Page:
Camden is a small town — and with its own ski mountain at the Camden Snow Bowl — often a destination for skiers young and old.

And now, Camden Hills Regional High School has two new coaches who will guide its Alpine and Nordic ski teams this winter.

Now at the helm of the Windjammer programs is Barry King for Alpine and Sephrona Stetson for Nordic.


King takes over for Robin Payson, who guided the team one season. Though, in that one season, Payson led the girls squad to the state Class A championship.

King admitted he and assistant coach Chris Rogers “have some big shoes to fill, but we have some great returning talent and some awesome freshman athletes joining the team.”

He added that he has several incoming freshman boys who were part of the state championship middle school team last year, along with “new team members that are just getting into racing, which will be very exciting to see.”

“We have a slew of returning team members on our 20-member team,” said King. “I have known most of these athletes and their families for a long time. They have a big place in my heart. And this team knows how to have fun. No one takes themselves too seriously.”

The 55-year-old King is not an unknown to the team, however. Not only was he an assistant coach to Payson last season, he also is the father to two of the team’s skiers, Sawyer and Courtney.

He admitted coaching his own children could pose a challenge.

“Their grandfather, my dad, raced Alpine right through college at Boston University back in the day when racers hiked because ski lifts were not at every racing venue,” said King. “Their uncle and aunt both raced successfully right through high school and college in New Hampshire. I raced Alpine and Nordic through high school in New Hampshire and Maine. Now they are keeping the family tradition going.”

King said between he and Rogers, the duo should “be able to meet the needs of [skiers with] a diverse range of racing abilities.”

King is a 1980 graduate of Hyde School in Bath, where he played football and lacrosse — in addition to Alpine and Nordic skiing.

King resides in Appleton with his two children and wife, Jennifer.


The 29-year-old Stetson replaces her father, Richard Stetson, who guided the Windjammers for many seasons. She is a 2006 Camden Hills Regional High School graduate, where her dad coached her on the Nordic team.

Now, as her father did before, she will look to instill her knowledge of the sport onto others.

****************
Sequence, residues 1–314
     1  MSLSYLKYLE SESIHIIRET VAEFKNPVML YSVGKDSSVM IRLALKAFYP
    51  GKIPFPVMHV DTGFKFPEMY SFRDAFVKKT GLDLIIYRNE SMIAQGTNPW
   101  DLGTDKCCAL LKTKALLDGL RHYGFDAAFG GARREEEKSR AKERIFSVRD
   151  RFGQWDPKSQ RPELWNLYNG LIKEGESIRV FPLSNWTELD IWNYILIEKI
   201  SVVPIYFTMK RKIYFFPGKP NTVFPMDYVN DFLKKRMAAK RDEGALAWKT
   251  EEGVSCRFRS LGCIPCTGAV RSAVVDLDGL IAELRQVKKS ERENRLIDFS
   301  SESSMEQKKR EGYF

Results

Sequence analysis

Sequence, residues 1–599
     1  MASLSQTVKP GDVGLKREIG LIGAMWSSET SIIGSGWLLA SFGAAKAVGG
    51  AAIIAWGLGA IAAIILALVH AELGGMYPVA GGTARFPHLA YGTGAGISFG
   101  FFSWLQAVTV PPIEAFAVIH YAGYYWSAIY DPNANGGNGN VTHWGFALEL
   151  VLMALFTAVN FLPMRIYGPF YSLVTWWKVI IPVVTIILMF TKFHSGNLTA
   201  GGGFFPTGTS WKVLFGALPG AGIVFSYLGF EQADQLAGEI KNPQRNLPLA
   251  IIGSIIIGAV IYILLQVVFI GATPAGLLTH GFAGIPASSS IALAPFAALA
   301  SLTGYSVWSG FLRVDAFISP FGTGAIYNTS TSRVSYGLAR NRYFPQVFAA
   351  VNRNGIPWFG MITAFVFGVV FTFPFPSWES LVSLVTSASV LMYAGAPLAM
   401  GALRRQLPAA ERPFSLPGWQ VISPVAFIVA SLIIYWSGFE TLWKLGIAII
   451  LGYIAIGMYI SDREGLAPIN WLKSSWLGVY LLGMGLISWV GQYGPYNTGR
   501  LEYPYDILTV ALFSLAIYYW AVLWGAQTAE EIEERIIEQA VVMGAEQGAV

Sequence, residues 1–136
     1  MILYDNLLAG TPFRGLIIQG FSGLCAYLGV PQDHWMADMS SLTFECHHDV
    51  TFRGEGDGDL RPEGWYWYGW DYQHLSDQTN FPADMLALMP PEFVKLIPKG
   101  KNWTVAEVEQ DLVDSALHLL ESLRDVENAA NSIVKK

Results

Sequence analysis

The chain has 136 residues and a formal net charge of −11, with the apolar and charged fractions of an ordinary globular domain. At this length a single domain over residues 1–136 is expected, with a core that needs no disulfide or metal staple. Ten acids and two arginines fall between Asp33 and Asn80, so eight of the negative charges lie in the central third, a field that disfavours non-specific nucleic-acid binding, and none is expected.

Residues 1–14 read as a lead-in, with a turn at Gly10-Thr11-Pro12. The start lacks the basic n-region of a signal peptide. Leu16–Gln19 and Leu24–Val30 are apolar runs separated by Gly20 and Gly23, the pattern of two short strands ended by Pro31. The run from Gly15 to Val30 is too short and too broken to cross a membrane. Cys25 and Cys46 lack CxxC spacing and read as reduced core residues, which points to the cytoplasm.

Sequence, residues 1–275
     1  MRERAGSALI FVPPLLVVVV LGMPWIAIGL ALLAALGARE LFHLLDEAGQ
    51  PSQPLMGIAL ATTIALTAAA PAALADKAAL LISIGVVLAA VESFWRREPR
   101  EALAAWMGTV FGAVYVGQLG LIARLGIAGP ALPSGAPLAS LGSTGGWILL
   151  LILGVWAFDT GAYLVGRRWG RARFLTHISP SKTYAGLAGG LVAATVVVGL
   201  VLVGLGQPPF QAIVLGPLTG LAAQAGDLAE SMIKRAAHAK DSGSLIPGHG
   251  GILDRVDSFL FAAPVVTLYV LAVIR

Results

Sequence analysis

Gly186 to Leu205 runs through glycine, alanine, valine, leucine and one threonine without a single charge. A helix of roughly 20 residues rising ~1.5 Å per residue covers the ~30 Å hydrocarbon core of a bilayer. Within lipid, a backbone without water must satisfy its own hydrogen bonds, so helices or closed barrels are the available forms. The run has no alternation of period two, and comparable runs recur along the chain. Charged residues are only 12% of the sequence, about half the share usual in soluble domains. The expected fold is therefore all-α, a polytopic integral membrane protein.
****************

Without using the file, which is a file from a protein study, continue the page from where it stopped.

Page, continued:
“I am very excited to take the reins of the team,” she said. “I am looking forward to introducing our new skiers to a lifelong sport and seeing the hard work our athletes put in, pay off.”

Stetson also attended Maine Maritime Academy, where she graduated in 2010 with a degree in Small Vessel Operations. She currently is furthering her education at the University of Maine in Augusta as she hopes for a second degree in music education.

Stetson said she has been an assistant coach for her father the past several years as “it is really just too much work for one person to do by themselves.”

“After several years I was doing most of the training with the students, so this year it made sense for me to take over as coach,” she said, while adding her father will “continue to maintain our gear, snowmobile and groom our trails for practice and our planned home race on Jan. 31.”

As far as what both Windjammer coaches plan to do to keep their student-athletes in shape before the snow flies?

“We will be playing lots of games to build some cardio fitness and agility skills,” said King. “Each day will have a short focused strength training to help athletes learn how to properly work out on their own without injuries. Our dry-land efforts will be focused on building core strength, all-around agility and building the mental fortitude required of anyone training and racing in the winter elements.”

“We will be doing a lot of dry-land training to begin the season including strength training, roller skiing, running and hiking to get conditioned for the season,” said Stetson. “And lots of snow dances.”